Stein Valley Nlakak’pamux Heritage
Bridging a climatic zone between the Coast Range and Interior Plateau, the Stein is a jewel in the Provincial Park crown. Protecting the entire Stein River watershed, this significant park (107,191 hectares) has large elevation changes, varied topography, and protects land that has deep historical and cultural significance to Native people. It is much loved by many British Columbians who were captivated by its magic and fought for its protection. The valleys are broad and sweeping and crowned with magnificent peaks. The Stein River has two significant gorges, several waterfalls and numerous tributaries that come tumbling and cascading out of glaciers, tarn lakes, and large expanses of alpine meadows.
The area is prototypical of terrain scoured by massive glaciers and ice sheets. Skihist Mountain rises to 2954 metres, and there are numerous peaks nearly as high that offer sublime views. There are numerous lakes, including the Stein, the glacier fed Tundra, and the cobalt-blue Elton, which is backed by a headwall glacier. The Stein River, which starts as a mere alpine trickle, gathers great strength as it flows east and eventually enters the Fraser.
There are some limited opportunities for day hiking in the park, and over 150 km of moderate to difficult trails, with 4 cable car crossings, a suspension bridge and many wilderness campsites. Established routes include Cottonwood Creek to Stein Lake, Stein Lake to Tundra Lake, Stein Lake to Elton Lake, Blowdown Pass to Cottonwood Creek campsite, and Texas Creek to Brimful Lake.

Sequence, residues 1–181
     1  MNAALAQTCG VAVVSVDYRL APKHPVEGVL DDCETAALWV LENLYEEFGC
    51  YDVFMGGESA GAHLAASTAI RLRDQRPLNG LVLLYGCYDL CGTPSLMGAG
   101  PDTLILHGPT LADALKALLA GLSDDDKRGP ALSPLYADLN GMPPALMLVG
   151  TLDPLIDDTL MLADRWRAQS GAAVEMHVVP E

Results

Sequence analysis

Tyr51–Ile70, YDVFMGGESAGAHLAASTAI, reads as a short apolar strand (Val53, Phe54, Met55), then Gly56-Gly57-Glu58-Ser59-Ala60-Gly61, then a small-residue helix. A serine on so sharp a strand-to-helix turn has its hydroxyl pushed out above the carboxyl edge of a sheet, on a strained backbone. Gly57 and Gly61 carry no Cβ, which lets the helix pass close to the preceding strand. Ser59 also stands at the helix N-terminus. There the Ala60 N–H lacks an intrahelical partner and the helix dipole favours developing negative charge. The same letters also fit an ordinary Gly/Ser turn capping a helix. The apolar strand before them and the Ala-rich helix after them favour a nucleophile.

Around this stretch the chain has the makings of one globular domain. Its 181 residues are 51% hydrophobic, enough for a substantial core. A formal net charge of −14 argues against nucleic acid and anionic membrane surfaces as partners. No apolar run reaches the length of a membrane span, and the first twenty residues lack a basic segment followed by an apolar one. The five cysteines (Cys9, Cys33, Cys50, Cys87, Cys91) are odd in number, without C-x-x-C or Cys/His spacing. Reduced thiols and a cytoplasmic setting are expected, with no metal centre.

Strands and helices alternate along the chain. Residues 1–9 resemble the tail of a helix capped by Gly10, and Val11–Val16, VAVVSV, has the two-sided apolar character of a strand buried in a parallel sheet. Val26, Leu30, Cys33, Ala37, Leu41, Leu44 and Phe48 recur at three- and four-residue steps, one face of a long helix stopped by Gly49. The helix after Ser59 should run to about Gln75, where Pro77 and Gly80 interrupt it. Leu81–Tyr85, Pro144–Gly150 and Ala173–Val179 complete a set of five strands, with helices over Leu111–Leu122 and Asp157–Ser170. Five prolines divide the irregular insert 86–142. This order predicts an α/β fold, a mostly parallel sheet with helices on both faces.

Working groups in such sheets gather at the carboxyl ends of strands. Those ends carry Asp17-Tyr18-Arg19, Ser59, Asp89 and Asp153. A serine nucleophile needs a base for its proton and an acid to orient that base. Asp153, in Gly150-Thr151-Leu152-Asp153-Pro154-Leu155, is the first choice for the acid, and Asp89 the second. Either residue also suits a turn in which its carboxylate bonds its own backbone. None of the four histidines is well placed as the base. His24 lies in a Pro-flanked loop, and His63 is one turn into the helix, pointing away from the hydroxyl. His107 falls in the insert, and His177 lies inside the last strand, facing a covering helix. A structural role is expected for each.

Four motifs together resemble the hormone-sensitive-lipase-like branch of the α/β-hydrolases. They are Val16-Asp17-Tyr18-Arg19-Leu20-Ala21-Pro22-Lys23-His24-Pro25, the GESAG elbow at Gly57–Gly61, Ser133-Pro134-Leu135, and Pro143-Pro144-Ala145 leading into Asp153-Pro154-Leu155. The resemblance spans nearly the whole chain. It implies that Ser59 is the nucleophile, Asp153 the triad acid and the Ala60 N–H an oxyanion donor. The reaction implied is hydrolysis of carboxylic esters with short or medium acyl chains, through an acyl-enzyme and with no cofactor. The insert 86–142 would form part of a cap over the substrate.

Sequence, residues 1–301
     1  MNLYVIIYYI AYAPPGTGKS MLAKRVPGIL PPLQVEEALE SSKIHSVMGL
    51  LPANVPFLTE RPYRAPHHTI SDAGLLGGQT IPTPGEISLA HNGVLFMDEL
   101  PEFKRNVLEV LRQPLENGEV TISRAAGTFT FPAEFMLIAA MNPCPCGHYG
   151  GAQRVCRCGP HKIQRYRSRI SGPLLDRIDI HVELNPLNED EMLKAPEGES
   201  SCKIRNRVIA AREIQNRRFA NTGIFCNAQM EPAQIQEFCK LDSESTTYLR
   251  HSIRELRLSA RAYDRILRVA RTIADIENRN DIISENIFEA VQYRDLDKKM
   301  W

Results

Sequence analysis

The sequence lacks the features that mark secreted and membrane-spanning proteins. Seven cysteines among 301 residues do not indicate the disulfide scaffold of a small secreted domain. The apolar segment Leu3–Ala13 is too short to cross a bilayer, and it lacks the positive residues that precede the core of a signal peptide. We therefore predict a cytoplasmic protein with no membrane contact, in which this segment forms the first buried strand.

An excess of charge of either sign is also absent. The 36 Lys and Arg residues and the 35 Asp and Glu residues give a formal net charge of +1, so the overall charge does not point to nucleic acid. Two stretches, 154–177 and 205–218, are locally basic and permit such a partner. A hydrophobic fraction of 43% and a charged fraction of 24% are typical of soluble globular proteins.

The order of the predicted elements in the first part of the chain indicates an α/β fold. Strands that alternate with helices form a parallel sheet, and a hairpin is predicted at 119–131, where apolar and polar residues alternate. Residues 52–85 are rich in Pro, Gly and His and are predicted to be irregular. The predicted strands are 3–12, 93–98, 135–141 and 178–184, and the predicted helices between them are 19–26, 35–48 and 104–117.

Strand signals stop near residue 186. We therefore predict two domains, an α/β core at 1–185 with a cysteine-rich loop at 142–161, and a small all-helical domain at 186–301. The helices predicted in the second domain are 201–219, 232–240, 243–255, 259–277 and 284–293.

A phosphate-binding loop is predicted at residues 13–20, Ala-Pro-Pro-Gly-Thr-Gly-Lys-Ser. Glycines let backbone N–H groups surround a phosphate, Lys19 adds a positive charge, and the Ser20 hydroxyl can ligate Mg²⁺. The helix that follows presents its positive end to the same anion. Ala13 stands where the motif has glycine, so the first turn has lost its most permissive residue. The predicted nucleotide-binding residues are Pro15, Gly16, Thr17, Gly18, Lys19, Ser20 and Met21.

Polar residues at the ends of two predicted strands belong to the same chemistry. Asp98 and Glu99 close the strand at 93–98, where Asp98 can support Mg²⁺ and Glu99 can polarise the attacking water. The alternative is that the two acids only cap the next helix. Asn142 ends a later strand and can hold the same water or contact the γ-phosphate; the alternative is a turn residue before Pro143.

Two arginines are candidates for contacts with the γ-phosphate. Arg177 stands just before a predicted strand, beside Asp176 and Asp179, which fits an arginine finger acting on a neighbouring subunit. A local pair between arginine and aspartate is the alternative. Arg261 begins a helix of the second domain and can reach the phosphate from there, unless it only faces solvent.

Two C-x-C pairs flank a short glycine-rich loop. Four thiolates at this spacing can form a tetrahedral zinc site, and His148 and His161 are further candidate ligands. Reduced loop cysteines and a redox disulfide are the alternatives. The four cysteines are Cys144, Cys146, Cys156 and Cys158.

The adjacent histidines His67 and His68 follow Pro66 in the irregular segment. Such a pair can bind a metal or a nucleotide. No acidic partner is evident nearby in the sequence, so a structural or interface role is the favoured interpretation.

As one of only a handful of intact and un-logged watersheds in the province, there are numerous opportunities for wildlife viewing in the Stein. The area is user-maintained, with limited park warden patrol. Campfires are not permitted in this park, and long sections of some trails may not offer water. However, there are pit toilets and bear-proof food caches at most wilderness campsites. Motorized vehicles, including helicopters, are prohibited in this area.
Location and access:
Access to the Stein from Vancouver is by traveling east on Highway 1 to the town of Lytton, where the Stein River meets the Fraser, or by traveling north on Highway 99 to Pemberton and Mount Currie.